Property investment company Cogress is planning to launch a new loan on the platform in the next six to eight weeks after stopping all new lending during the Covid-19 crisis.
In the past few months, the firm which raises money through mezzanine debt, private equity and hotel investment, has been managing its portfolio of more than 60 live deals.
“We took the decision to not do anything for a few months to understand what was going on and where the market was going and how stable it was,” said Tal Orly (pictured), chief executive of Cogress.
“We couldn’t predict what would happen during these times and now we’re starting to explore and after three months of almost nothing, we are looking for opportunities.
“This is a time where investors can benefit from opportunities and investor appetite is slowly returning. There is less liquidity in the market, so our money is welcomed by developers because the market went through a correction.
“We are going to make a huge jump in the next 12 to 18 months, allowing more investors to participate in opportunity and let their money work for them. Once we have confidence everything is stable again, we’ll start to explore other areas.”
Orly was optimistic about the future of the property market, claiming it will eventually pick up with the demand and fundamentals remaining the same.
“Our core business was and will remain residential,” he said.
“I believe the residential market will pick up, the rate at which I don’t know but eventually it will come back because people need to buy and rent homes.”
In December Cogress shifted its focus from development lending to a variety of different partnerships and geographies to cater for Brexit uncertainty among investors.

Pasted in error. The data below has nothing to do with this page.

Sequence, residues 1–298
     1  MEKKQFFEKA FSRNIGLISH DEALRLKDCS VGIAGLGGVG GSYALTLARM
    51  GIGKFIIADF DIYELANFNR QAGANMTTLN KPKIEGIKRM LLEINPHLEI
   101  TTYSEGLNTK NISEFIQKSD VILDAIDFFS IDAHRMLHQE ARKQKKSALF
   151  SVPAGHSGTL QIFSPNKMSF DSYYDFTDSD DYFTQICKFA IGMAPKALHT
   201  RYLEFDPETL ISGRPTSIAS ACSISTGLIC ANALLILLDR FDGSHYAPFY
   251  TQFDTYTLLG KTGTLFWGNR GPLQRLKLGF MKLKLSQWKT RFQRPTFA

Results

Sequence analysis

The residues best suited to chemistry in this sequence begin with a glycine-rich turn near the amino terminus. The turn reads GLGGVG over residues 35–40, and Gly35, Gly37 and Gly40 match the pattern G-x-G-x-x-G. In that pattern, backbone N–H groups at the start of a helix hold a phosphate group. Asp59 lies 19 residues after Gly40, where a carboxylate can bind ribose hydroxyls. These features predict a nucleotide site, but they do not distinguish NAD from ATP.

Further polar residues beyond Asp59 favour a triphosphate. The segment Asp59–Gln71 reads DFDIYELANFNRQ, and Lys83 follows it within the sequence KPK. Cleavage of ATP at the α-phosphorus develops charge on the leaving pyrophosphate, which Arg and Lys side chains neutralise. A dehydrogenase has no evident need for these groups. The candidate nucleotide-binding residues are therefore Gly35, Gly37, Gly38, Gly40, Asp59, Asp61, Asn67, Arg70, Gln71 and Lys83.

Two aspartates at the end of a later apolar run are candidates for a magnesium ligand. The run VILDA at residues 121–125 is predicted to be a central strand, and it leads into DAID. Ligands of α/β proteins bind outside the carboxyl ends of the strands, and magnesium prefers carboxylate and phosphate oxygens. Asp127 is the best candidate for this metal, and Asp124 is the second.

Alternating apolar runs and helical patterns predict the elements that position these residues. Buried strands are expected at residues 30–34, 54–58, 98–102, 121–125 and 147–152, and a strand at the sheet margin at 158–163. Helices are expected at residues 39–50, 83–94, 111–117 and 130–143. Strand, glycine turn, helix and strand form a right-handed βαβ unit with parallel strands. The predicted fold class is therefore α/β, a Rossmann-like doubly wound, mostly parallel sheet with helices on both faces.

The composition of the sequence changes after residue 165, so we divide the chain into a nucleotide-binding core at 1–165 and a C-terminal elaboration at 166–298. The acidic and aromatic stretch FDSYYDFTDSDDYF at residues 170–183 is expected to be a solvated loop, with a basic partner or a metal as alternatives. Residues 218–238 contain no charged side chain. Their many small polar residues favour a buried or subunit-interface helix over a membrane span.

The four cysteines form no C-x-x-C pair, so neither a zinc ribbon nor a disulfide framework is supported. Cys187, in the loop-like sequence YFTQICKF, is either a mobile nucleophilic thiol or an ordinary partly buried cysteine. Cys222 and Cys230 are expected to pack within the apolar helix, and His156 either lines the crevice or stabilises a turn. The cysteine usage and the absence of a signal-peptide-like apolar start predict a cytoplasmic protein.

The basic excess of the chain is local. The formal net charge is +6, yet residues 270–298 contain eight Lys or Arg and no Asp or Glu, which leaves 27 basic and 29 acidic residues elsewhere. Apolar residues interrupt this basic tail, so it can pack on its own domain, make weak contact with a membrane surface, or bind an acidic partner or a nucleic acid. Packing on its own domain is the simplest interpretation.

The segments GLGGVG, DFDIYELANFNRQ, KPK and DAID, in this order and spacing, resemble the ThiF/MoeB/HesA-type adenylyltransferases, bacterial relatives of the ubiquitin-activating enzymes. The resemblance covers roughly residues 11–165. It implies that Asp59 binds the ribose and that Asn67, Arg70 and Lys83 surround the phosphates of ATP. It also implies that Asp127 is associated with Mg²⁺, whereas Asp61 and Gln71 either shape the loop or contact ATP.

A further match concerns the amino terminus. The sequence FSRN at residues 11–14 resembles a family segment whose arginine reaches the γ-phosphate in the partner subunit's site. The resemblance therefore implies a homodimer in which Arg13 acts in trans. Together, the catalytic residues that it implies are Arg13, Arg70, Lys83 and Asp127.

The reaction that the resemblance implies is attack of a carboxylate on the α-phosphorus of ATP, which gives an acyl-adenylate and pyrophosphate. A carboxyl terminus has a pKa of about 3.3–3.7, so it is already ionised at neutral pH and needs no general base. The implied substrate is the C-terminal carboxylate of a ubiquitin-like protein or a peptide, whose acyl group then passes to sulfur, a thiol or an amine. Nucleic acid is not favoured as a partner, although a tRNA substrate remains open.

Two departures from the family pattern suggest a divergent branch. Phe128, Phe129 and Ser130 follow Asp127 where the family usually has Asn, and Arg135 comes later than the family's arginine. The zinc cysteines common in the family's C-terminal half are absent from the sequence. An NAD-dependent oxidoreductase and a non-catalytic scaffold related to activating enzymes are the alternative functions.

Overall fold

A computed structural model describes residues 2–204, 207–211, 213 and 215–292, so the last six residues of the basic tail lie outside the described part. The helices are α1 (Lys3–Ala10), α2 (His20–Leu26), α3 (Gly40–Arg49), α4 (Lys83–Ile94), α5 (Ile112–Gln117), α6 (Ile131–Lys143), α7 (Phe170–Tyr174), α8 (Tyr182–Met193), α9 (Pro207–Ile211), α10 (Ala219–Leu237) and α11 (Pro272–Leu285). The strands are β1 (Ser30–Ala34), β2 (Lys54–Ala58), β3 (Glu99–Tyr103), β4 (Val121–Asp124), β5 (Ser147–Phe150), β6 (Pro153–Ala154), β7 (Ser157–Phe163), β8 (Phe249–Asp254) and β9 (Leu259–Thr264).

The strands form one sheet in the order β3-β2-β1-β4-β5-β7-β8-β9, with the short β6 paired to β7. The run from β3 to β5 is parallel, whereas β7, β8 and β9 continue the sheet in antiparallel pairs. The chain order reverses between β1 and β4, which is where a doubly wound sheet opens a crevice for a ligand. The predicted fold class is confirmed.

For example, in October the firm entered an £80m partnership with Latin-American hospitality chain Selina.
Orly said with partnerships such as this, Cogress is well placed to return in a strong position.
“We are assessing everything and in a few months the market will return to normal and once it does, we can enjoy the opportunity from these good partnerships,” he said.
Cogress has not been accepting new money into its Innovative Finance ISA (IFISA) since the Financial Conduct Authority banned the mass-marketing of mini-bonds to retail investors.
In November last year, the City regulator announced that mini-bond providers will only be able to market their products to sophisticated and high-net-worth clients, effective from the start of 2020.
Cogress has been managing deals for its IFISA and in is the process of changing its structure to be able to offer the ISA for new investments in four to five months’ time.
“We consider ourselves to be a very thorough and diligent company and can definitely offer a widespread opportunity to our investors with different levels of risk,” Orly said.